French director Anne Fontaine has joined forces with Polish filmmakers to create what is, in my judgment, the best film of 2016 so far, one that should be of interest to all Catholics and should be a sure contender for Best Foreign Film at next year’s Oscars. The Innocents  is a welcome relief from the usual anti-Church movies Hollywood churns out, except, of course, when there’s a demon to be exorcized, at which point – to borrow the tagline from a failed summer reboot – Who you gonna call?
There are demons here too, but they’re not otherworldly. As Miss Fontaine’s film begins two phrases appear on screen: “Based upon true events” and “Poland, December 1945.” The “demons” are Russian soldiers who storm a Polish convent and rape the nuns.
One of the film’s greatest virtues is its attention to a part of Polish history that was repressed during the Warsaw Pact years when it was dangerous, in Poland, to speak ill of the Soviets. The Innocents tells one small but horrific part of that history, and it does so with admirable restraint and total conviction, especially given that in those actual events the soldiers not only raped the nuns but also murdered twenty.
These horrors have long been known, but too little spoken of, written about, or filmed. As Christopher Andrew and Oleg Gordievsky wrote in KGB: The Inside Story  (1990), during 1944-1945, “Poland was repeatedly ravaged by. . .roundups and terror tactics. . .including the burning of entire villages, [and the] murder and the rape of women and girls on an enormous scale.” In fact, as many as 100,000 Polish women were raped by Russian soldiers , former POWs, and other Soviet apparatchiks during the “liberation” of Poland.
But please note: Miss Fontaine does not show these crimes. We begin to learn about the horrors experienced by the nuns only when, during the sisters’ singing of the Divine Office, we hear a scream – one of the nuns is in labor.
A bold novice sneaks out of the convent and goes to fetch a woman doctor from a nearby French Red Cross hospital. Dr. Mathilde Beaulieu (played by French actress Lou de Laâge) is reluctant to follow the young nun back to the convent, but when she does she is astonished at what she finds. The Innocents never attempts an actuarial accounting of just how many sisters are pregnant. The film is not about numbers but people. However, the timing means that when the first nun gives birth, the others must quickly follow. Dr. Beaulieu rolls up her sleeves.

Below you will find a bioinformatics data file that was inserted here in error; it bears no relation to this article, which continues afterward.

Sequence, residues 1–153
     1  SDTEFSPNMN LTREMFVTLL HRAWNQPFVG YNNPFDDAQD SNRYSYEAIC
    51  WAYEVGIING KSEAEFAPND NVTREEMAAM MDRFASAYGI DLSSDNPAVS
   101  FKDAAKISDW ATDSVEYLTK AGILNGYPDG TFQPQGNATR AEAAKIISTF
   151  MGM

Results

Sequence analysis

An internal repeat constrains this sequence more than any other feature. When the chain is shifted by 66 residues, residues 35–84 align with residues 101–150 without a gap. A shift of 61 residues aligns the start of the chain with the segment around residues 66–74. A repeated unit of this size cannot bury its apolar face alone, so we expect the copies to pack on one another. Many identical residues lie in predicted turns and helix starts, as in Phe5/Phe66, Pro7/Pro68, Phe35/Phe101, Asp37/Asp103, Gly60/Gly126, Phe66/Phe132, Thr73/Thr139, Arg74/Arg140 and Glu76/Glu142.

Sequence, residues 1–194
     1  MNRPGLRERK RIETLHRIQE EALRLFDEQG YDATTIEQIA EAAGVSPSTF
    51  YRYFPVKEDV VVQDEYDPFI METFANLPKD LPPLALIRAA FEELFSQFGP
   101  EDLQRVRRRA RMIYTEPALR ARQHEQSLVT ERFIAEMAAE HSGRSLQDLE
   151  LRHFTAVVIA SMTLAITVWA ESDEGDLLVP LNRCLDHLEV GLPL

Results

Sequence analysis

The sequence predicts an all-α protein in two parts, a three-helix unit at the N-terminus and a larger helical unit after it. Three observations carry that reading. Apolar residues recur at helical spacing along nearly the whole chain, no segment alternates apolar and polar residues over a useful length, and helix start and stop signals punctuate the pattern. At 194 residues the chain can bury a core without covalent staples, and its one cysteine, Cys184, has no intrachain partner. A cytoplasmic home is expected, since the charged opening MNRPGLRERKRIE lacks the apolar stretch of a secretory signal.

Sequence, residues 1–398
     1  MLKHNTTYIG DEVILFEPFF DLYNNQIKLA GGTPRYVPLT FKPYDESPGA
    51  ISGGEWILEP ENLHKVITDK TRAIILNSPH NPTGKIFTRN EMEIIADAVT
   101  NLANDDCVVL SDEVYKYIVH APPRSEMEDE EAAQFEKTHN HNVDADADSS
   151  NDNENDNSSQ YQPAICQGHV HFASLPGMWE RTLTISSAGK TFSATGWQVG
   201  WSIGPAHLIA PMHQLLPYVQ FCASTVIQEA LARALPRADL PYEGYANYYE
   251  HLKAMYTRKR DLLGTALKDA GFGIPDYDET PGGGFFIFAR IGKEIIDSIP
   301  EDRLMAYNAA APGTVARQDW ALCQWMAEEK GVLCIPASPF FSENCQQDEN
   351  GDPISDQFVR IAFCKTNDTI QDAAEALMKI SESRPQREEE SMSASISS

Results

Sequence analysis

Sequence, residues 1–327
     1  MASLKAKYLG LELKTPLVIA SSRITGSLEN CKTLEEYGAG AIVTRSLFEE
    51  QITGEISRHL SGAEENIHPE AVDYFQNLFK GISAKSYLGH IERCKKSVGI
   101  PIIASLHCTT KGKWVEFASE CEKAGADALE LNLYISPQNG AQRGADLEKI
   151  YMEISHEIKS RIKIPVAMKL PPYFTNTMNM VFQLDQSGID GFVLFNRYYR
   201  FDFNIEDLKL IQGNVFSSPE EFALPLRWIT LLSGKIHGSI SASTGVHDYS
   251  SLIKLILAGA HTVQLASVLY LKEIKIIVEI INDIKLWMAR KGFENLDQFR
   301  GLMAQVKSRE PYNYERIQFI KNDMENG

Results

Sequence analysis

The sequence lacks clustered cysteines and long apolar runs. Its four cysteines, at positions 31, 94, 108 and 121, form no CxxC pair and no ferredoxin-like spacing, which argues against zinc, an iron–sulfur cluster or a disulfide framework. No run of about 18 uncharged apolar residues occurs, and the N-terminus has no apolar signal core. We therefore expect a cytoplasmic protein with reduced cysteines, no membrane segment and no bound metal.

The Innocents is also about theodicy: How do we justify God’s permission of evil? The film poses the question in a number of ways, although it hardly needs to beyond the facts at hand, and occasionally risks losing its signature restraint in the philosophizing. Still it’s perfectly understandable that the film’s characters – the nuns and their physician – would speak about it. But though the question is posed, no answer is ever spoken, because for Miss Fontaine, answers are found in actions.
Those can come in prayer, acts of courage, and expressions of piety, but, greatest of all, in love. And, in the end, acts of love overcome pain and shame and doubt and despair.
Fontaine’s direction is subdued and justly so. Under someone else’s hand and eye, The Innocents (originally titled Agnus Dei) could have become luridly macabre. But Miss Fontaine keeps the film’s focus on the cloistered women and the physician who helps them.
The pace of the film is largely the pace of convent life, and the overall mood of The Innocents is set by cinematographer Caroline Champetier (“Of Gods and Men”), whose palette is so somber that the grey convent walls, the sisters’ Benedictine habits, and the bleak winter exteriors almost make the film seem shot in black and white. And Fontaine is not afraid of the stillness that helps define cloistered life – not to mention that silence creates tension: some are silent because of shame; others long to shatter the silence.
Miss de Laâge is superb as Dr. Beaulieu, as is Polish actress Agata Kulesza as Mother Superior. But the film’s soul is the performance of another Pole, Agata Buzek. She plays Sister Maria, the Mother Superior’s strong right hand. Few actors have ever moved so fluidly and seamlessly within a single role among icy efficiency, spiritual passion, and deep despair. For her eyes alone, she deserves a Best Supporting Actress nod.
It’s held as a first principle of moviemaking that characters must develop – they cannot be unchanged at the end, whether for good or ill. The transformations here are stunning, albeit, in the film’s style, subtle. Dr. Beaulieu has spent a night in the convent and is awaked by the singing of the nuns, probably reciting either Prime or Terce. She finds her way to the choir and notes with a kind of joy how faith transforms the sisters’ faces. After all they’ve been through. These are not madwomen falling back upon some delusional coping mechanism. They’re Catholic nuns, realists of a higher reality. There is hope here: nadzieja in Polish; l’espérance in French.
Another cinematic principle is climax: the thing that ties up loose ends and propels us to The End. Here it’s like the two masks of Greek drama: Thalia (comedy) and Melpomene (tragedy), if, that is, we understand “comedy,” as the Greeks (and Shakespeare) did: ends in joy. Dr. Beaulieu and Sister Maria come up with a joyous plan that saves bodies and souls. Mother Superior, however, retreats into isolation, despondently awaiting death, because, as Maria says, perhaps defining theodicy: “Behind all the joy lies the Cross.”
The Innocents, released in a very limited distribution, has an MPAA rating of PG-13. There is no nudity (although two characters are shown abed), and there is and one, short violent scene – an attempted rape that is foiled. Childbirth does involve some blood.